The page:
Guatemala Girls Education Project
Changing the World One Girl at a Time
The Guatemala Girls Education Project is an umbrella term for three separate programs, each of which is focused on improving educational opportunities for indigenous girls and young women in rural Guatemala.
Each of these programs has a unique relationship with:
MAIA, an organization which operates a secondary school for girls in Solola, Guatemala, and
The Evergreen Rotary Foundation in Evergreen, Colorado.
Click on any of the programs or partners to learn more.
Why Girls' Education?
Indigenous girls in Guatemala are among the country's most disadvantaged group with limited schooling, early marriage, frequent childbearing, and chronic poverty. In Guatemala, the average Maya teenage girl has obtained only 3.5 years of education. Furthermore, only ten percent of indigenous girls are enrolled in secondary school and less than one percent continue to University. The need to invest in education, particularly for under served girls is acute. Education is one of the most critical areas of empowerment for women. It is also an area that offers some of the clearest examples of discrimination women suffer. Among children attending school there are twice as many boys as girls, and among literate adults there are twice as many men as women. Offering basic education to girls is one sure way of giving them greater power, enabling them to make genuine choices over the lives they wish to lead. This is not a luxury. It is a basic human right. It is not sufficient to stop with basic, secondary education. Providing an opportunity for young women to advance to the next level of education is essential if the existing macho culture is ever to change. Educated girls and women will become tomorrow's leaders of transformational change.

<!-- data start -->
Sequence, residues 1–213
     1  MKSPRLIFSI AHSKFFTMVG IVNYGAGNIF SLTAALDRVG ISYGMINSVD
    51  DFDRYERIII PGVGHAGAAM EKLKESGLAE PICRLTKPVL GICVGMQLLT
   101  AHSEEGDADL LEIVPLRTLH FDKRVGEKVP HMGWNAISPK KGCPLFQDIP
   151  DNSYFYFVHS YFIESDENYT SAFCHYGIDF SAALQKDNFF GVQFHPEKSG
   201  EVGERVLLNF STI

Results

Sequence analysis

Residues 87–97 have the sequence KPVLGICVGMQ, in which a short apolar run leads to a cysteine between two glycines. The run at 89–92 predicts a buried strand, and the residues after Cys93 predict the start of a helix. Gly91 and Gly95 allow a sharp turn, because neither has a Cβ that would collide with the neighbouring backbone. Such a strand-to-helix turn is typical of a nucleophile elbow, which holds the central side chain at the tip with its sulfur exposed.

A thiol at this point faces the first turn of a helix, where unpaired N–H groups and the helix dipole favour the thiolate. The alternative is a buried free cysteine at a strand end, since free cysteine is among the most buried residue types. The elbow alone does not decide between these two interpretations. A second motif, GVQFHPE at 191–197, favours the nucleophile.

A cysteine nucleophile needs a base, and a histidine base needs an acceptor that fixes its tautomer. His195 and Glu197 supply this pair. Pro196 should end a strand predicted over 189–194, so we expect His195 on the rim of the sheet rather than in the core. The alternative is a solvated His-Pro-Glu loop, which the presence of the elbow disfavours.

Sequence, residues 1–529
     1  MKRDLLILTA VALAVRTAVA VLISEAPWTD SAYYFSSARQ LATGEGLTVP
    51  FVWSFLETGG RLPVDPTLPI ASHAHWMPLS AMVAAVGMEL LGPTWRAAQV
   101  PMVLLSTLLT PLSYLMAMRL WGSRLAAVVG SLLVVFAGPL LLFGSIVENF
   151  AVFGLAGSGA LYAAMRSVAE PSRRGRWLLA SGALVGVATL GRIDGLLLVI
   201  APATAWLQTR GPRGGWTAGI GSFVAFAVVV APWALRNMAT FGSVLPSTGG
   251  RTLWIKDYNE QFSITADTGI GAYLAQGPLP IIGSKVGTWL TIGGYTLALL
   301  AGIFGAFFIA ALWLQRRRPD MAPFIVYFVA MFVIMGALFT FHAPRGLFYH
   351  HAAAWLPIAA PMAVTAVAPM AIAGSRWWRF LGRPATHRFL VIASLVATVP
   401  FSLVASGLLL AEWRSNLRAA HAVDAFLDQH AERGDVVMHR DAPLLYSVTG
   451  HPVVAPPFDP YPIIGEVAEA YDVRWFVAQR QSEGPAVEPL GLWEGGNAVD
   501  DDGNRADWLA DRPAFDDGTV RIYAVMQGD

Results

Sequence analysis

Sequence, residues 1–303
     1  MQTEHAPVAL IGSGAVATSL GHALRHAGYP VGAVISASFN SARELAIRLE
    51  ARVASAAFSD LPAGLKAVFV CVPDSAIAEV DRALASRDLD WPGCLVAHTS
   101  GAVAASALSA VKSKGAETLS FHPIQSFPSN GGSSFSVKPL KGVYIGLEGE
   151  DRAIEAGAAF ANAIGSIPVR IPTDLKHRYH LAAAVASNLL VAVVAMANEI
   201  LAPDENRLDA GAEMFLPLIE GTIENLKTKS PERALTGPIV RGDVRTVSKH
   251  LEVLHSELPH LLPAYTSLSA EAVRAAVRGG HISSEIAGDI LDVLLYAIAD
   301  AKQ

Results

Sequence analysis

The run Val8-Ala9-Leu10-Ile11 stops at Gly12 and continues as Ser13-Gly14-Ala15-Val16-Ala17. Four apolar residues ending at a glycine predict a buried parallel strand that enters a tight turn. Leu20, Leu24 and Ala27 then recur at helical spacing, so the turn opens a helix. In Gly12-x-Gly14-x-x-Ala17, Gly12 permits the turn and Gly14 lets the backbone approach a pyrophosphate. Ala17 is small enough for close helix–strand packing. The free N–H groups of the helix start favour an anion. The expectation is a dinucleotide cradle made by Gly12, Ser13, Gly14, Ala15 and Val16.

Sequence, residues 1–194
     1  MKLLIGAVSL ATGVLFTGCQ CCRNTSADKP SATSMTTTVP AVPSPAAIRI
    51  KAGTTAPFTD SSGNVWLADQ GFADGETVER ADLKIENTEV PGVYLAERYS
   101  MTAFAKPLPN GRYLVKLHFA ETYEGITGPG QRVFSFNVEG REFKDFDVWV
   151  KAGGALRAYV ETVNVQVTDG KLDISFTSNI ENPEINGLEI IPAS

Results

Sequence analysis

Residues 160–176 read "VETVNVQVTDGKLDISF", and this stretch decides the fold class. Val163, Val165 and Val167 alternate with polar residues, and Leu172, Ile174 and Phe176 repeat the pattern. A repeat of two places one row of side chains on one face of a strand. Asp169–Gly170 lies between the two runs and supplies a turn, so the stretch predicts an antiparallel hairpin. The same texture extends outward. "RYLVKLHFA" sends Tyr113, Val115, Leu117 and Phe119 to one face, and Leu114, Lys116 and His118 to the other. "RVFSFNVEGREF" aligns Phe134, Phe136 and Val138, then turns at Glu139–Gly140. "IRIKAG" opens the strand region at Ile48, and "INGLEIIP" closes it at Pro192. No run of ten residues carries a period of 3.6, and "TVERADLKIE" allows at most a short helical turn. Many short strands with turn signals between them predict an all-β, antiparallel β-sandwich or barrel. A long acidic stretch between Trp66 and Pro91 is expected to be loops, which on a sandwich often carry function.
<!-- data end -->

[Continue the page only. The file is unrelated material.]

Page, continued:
The current state of the education system is substandard. Many classrooms, especially in rural Guatemala, do not have adequate teaching materials. Additionally, with more than half the population living below the poverty line, many children – especially rural and indigenous children – are forced to drop out of school to help support their families or because they are unable to afford the cost of uniforms, books, supplies and transportation. Gender disparity in Guatemala is among the worst in the western hemisphere, second only to Haiti. This key problem is seen in education statistics. Of the 2 million children in Guatemala that do not attend school, the majority are indigenous girls living in rural areas. In fact, over half of the Guatemalan population is indigenous and less than 30% of poor, rural indigenous girls are enrolled in secondary school. Almost none are enrolled in university.
There is no better time. The world is changing fast and Guatemala needs to change with it.